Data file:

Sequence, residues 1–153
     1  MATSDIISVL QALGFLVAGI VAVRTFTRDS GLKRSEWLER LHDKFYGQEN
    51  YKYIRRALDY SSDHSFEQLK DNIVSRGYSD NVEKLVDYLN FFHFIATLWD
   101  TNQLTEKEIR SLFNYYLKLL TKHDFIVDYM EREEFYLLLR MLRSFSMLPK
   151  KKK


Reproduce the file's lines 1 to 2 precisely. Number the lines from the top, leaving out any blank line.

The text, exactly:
Sequence, residues 1–153
     1  MATSDIISVL QALGFLVAGI VAVRTFTRDS GLKRSEWLER LHDKFYGQEN